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Widow to Get Share of Estate Plus Punitive Damages for Interference by Others
Description Court ordered that Anna Nicole Smith be paid $450 million, her expectancy interest in the estate of her husband, J. Howard Marshall, which he promised to give her. Marshall's son, who prevented the estate from passing, committed an intentional tort by interfering with the estate plan and will pay punitive damages when probate is complete.
Topic Wills, Estates, and Trusts
Key Words Estate; Expectance of Inheritance; Tortious Interference
C A S E   S U M M A R Y
Facts Vicki Lynn Marshall, a.k.a. Anna Nicole Smith as Playboy Playmate of the Year, married J. Howard Marshall, one of the richest men in Texas, when he was 89 and she was 26. As an inducement to marry him, Marshall promised Vicki that he would leave her half of his estate. Marshall instructed his attorney to arrange a trust for Vicki that would include half of his estate. The work was not done because Marshall's son, Pierce, fired the attorney and conspired with another attorney to draft different documents. Marshall, whose eyesight was minimal, signed documents he thought were creating the trust for Vicki, when in fact they gave his money to Pierce. After Marshall's death, Pierce "adopted a scorched earth approach to the conduct of this litigation." Vicki sued for her share of the estate and for punitive damages.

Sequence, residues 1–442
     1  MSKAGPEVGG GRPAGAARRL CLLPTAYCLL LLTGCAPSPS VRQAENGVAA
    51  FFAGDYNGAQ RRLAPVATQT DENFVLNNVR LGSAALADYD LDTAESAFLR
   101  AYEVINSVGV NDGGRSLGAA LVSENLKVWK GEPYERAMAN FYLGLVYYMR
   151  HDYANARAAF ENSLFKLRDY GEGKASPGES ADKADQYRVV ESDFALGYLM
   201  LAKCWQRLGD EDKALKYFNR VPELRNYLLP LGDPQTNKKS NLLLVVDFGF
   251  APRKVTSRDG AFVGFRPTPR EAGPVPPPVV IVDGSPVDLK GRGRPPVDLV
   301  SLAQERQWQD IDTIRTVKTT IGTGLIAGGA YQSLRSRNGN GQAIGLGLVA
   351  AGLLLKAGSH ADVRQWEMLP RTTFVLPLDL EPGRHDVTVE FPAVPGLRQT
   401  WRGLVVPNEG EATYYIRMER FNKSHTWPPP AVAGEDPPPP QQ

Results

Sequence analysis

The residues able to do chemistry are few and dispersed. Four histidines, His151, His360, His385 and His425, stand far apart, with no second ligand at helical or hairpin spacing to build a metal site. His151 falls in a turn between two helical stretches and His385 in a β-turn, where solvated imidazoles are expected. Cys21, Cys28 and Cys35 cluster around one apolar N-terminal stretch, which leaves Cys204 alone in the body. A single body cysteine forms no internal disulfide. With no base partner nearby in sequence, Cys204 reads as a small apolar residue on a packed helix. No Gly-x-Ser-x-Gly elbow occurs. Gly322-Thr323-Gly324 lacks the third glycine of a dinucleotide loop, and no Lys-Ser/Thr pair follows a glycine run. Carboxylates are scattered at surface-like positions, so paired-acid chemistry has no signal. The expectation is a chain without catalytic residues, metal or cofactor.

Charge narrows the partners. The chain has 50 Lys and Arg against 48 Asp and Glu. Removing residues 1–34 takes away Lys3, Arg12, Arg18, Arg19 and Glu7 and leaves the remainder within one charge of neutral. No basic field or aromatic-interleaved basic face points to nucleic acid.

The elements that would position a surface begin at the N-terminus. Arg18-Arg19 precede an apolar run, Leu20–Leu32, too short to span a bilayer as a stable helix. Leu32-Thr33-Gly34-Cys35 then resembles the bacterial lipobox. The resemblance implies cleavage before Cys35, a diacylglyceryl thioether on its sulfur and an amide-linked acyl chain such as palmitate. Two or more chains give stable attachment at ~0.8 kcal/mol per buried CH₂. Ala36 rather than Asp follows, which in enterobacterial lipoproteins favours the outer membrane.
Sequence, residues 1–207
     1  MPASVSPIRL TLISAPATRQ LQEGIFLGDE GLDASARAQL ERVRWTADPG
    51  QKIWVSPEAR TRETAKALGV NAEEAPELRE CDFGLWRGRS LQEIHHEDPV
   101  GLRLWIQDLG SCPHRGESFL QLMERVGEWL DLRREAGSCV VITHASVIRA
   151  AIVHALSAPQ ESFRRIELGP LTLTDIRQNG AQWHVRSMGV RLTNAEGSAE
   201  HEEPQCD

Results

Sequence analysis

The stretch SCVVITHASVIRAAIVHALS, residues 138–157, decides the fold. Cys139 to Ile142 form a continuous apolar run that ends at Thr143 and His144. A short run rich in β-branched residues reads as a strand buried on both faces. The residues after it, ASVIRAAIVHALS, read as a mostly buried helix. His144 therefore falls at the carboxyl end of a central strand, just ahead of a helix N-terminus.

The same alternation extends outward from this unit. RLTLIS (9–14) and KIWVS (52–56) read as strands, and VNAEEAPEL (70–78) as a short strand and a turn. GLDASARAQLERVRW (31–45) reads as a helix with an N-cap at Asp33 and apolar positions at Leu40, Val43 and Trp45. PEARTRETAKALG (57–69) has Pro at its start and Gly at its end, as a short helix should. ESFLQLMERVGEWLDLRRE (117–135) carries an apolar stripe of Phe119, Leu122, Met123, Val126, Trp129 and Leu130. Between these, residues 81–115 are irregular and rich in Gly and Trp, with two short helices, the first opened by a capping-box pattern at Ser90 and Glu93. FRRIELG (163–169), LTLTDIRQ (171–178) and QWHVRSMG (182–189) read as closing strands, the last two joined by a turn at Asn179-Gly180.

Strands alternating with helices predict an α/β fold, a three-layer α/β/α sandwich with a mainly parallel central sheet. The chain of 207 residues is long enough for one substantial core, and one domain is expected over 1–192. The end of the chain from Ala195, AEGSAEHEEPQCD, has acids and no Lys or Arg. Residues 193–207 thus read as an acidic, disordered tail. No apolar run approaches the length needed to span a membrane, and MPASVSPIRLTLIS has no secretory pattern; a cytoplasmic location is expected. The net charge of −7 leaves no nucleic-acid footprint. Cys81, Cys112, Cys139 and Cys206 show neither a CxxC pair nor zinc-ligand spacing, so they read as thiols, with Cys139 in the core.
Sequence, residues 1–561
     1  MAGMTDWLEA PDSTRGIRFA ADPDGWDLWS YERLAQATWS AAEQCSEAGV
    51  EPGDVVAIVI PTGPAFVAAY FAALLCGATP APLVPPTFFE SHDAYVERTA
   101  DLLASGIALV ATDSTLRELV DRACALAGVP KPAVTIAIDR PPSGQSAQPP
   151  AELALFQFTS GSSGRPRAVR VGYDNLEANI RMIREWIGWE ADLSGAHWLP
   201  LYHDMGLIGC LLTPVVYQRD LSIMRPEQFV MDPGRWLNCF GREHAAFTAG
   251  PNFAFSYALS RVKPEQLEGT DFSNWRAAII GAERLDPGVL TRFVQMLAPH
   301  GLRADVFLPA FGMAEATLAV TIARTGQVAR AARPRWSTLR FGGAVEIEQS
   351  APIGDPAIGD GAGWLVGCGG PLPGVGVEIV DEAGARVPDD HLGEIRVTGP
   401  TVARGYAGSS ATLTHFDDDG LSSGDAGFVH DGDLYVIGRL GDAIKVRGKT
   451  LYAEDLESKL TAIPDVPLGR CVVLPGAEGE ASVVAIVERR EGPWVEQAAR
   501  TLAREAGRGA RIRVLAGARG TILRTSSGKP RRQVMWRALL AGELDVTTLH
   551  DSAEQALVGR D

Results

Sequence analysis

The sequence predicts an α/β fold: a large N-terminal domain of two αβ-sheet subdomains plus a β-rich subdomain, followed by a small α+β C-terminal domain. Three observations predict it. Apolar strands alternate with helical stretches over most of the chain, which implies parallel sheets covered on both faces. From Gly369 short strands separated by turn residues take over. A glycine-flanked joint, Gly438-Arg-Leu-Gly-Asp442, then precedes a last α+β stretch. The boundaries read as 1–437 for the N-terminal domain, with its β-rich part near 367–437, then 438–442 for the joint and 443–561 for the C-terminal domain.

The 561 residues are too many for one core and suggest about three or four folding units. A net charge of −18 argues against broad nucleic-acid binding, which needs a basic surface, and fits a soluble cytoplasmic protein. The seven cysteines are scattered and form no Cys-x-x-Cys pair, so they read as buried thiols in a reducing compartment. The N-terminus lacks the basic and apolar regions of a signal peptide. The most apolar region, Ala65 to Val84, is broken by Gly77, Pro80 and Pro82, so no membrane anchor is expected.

Decision Pierce engaged in massive abuse of discovery during the proceedings. He consistently disobeyed court orders and destroyed documents. "Texas law clearly recognizes tortious interference with an inheritance or gift as a valid cause of action." Here, "Vicki had an expectance to receive a substantial portion of J. Howard's wealth." Both his son and attorney thwarted his instructions. This was an intentional act on their part. Hence, Vicki is due $450 million, one-half of the estate at the time of the marriage, plus other assets to be uncovered during probate. She may also collect punitive damages against Pierce; an amount to be determined after probate.
Citation In re Marshall, 2000 WL 1481545 (Bankr. C.D. Calif., 2000)

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